There is a book that Donald Trump has not read. Yes, I know that could be literally any book, but the one I have in mind is called The Showdown at Gucci Gulch. It is the riveting story of how the last major tax reform was passed in 1986.
The 30 second summary is this: House Ways and Means Chairman Dan Rostenkowski, Senators Bill Bradley and Bob Packwood, White House Chief of Staff / Treasury Secretary James Baker worked together for years hammering out every detail of every aspect of tax reform. They debated how and if to keep it revenue neutral, how to simplify it, and how to spread the benefits.
By contrast, the Trump Administration talks about overhauling major aspects of the American economy like they are launching a menu item at McDonalds. “Healthcare reform will happen his week.” “Tax reform will be released on Wednesday.”
That is not how this works. That is not how any of this works.
I almost forgive Trump for this naiveté. He is new to governing, has surrounded himself with no one of any expertise, and is generally not very bright. But Paul Ryan on the other hand – who used to hold the same title as Rep. Rostenkowski – should know better.
Well, he should know better, but as we saw with how he handled Health Care Crash and Burn Episode 1, he is a pretty shitty Speaker.
He not only crafted a bill that couldn’t crack 20% approval, but secured no outside support, made no efforts to secure votes, and gave the world’s worst PowerPoint infomercial on national television. He had 7 years (that is over 2500 days for those of you keeping track) to craft a replacement to that evil, sinister, job killing Obamacare and instead he basically put the letters “H.R.” in front of a turd and gave it to the House clerk.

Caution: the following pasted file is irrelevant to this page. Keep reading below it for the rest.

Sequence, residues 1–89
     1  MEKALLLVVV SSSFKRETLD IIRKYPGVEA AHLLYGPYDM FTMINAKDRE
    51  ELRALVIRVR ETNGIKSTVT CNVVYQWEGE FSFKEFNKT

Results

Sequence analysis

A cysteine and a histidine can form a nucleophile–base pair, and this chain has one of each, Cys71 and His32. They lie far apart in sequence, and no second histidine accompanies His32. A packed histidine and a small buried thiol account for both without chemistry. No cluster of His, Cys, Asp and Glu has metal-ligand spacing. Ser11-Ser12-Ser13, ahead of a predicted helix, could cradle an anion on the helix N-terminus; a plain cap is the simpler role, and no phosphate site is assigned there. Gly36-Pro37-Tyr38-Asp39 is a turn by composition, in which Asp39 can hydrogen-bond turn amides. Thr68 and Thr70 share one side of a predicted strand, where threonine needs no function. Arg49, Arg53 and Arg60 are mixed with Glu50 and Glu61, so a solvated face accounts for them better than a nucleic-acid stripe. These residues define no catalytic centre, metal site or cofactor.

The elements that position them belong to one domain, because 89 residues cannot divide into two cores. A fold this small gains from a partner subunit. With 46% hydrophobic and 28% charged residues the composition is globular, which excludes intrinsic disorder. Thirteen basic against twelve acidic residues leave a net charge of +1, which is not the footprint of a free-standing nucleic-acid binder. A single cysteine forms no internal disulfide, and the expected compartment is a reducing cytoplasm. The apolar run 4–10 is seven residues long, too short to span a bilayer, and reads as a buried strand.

Then as if he didn’t learn his lesson, he was back at it this week saying that the GOP has spent a whole four weeks writing an even worse version of their original dumpster fire. Once again, every major national health organization is opposed, no senators have been briefed, and the president is unable to articulate any provisions beyond “it’s very good and very well liked.”
While all of this is going on, Ryan somehow thought it was also a good idea to allow the White House to release an outline of a major tax reform proposal that differs in key ways from the plan Ryan has been salivating over for his entire life. Not to mention how it will make Republicans want to hide those debt clocks they were so fond of under Obama.
Despite being billed as the most powerful city on earth, Washington actually has very little bandwidth for more than one major undertaking at any given time. Major legislation takes up a ton of energy. The research, the hearings, the lobbying efforts, the scoring and analysis. It is a dance that has all the kinetic energy of an anthill and the organized chaos of a kayak race in a hurricane.
When the Republicans secured both houses of Congress and the White House, most Democrats began digging graves for all their priorities. The rich were about to get tax cuts, the ACA was on its way to the gallows, and social progress was shifting out of drive. Thankfully, Republicans have chose to govern like a puppy in a dog park that doesn’t know which tennis ball to chase. So for now, it looks like most liberal accomplishments are safer than we thought.
Back in 1986, Republicans were able to secure major victories like lower top rates in the final tax package despite Democratic control of the House. They did this through painstaking negotiating, intense cooperation between the Treasury and Congressional leaders, and careful consideration of major stakeholders concerns.
What they didn’t do was announce that it would happen “on Wednesday.”
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